Zora Neale Hurston and the WPA in Florida

Photos and History


Anthropologist, Folklorist and Author

Zora Neale Hurston was an accomplished anthropologist, folklorist and author. By 1938, she had already published Jonah’s Gourd Vine, Mules and Men and Their Eyes Were Watching God. Hurston earned two prestigious Guggenheim grants, and her novels received significant attention in the top literary circles of New York and elsewhere. Her work captured the stories, songs, traditions and histories of African-Americans in small communities across Florida.

Gabriel Brown playing guitar as Rochelle French and Zora Neale Hurston listen: Eatonville, Florida (1935)
Zora Neale Hurston and Rochelle French listen to Gabriel Brown playing guitar: Eatonville, Florida (1935)

Image number: FA0514

In 1935, Hurston traveled with Alan Lomax collecting folklife and folklore from Floridians throughout the state for the Library of Congress. She is pictured here collecting music from French and Brown.

The Florida Federal Writers’ Project (FWP)

Zora Neale Hurston began working for the Florida division of the Work Projects Administration (WPA) in Florida in 1938 as a junior interviewer with the Federal Writers’ Project (FWP).

Writers of Hurston's caliber were prevalent in the relief agencies, but they were usually editors or supervisors. Hurston, however, would have to be certified as eligible to receive public assistance money. Like many of the project’s fieldworkers, she worked out of her home, which was in the all black municipality of Eatonville, on the outskirts of Orlando. Hurston finished her fifth novel, Moses: Man of the Mountain, while making numerous folklife collection trips across Florida. She never mentioned her work with the Florida FWP in her autobiography.

Hurston’s first assignment working with the Florida FWP was to collect African-American folklore from communities around the state. The Florida staff had already been working on a state guidebook. Hurston recorded a number of African-American folk stories and traditions, as well as descriptions of towns with rich African-American histories, including Ocoee, Eatonville, Pahokee and Goldsboro.

A companion to the guidebook, titled The Florida Negro, included chapters on African-American folklore, music, art and literature. Hurston’s essays are invaluable for the perspective they provide in understanding African-American communities and traditions during the Depression.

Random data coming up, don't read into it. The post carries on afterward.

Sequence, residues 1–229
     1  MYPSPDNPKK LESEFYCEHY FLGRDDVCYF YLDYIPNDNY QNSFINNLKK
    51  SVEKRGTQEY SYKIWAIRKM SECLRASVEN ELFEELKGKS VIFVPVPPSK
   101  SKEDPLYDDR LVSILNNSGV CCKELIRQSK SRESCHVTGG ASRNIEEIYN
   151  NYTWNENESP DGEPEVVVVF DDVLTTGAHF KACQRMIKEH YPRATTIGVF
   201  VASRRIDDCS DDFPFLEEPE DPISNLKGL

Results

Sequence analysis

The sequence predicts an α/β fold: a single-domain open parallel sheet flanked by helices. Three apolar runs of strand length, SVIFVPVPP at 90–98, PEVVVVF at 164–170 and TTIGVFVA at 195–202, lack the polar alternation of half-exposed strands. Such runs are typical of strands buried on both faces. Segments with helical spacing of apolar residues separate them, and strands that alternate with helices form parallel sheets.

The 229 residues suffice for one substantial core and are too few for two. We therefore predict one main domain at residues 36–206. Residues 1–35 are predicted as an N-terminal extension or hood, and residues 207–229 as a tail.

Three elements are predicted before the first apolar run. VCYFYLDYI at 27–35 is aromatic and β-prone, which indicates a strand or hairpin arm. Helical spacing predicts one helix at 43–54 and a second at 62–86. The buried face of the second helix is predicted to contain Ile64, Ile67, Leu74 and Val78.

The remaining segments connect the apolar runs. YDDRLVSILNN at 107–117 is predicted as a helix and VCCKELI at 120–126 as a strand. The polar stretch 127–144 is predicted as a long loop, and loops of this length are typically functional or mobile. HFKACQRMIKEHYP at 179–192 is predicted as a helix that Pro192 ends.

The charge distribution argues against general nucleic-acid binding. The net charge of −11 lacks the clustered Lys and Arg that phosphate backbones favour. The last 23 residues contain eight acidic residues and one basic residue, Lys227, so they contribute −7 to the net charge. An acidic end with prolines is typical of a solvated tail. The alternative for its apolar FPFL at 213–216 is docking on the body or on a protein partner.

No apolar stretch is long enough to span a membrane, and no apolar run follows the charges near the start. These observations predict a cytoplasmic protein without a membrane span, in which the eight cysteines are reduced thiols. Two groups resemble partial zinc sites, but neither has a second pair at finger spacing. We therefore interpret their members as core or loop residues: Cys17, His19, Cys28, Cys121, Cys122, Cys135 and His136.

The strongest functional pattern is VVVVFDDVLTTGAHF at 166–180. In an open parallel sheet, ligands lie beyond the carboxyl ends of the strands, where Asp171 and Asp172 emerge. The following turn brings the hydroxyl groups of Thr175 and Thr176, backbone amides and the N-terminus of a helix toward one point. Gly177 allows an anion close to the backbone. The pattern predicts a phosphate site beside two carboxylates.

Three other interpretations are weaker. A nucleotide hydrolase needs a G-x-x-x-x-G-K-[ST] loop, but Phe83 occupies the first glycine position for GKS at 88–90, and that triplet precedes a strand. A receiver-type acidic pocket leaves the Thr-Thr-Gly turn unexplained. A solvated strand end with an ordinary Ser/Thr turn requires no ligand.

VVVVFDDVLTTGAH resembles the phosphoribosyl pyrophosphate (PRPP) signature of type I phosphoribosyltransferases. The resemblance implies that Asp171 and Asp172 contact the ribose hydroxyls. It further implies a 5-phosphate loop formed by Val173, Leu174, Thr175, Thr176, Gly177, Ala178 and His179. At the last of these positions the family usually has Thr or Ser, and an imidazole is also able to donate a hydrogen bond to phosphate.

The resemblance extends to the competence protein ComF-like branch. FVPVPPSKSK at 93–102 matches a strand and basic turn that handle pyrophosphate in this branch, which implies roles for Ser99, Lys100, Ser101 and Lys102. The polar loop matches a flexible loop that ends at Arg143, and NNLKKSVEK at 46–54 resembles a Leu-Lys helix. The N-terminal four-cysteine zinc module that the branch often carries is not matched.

Postcard with portrait of author Zora Neale Hurston
Postcard with portrait of author Zora Neale Hurston

Image number: PR75844

Carita Doggett Corse
Carita Doggett Corse (ca 1928)

Image number: PR00415

Dr. Corse served as the Florida director of the Federal Writers’ Project from its inception in 1935 until the project ended in 1942.

WPA Federal Writers Project photographer Robert Cook (ca 1940)
WPA Federal Writers’ Project photographer Robert Cook (ca 1940)

Image number: N044716

Hurston and the Turpentine Camps

In 1939, Hurston went to Cross City in Dixie County, Florida, to find candidates for recording interviews, songs and life histories of interesting, everyday people. In an unusual stroke of luck, officers of the Aycock-Lindsey Company allowed her to visit their turpentine camp and collect stories, songs and other information from their laborers, who were mostly African-American. Such transparency was rare; the turpentine industry in Florida had a history marred with examples of reprehensible labor practices, unlawful debt peonage and violent discipline.

Hurston, however, was able to visit the camp, along with other representatives of the Florida FWP. Her essay, “Turpentine,” traced her travels through the pine forests with an African-American “woods rider” named John McFarlin. Her work on Florida’s turpentine camps is still considered authoritative.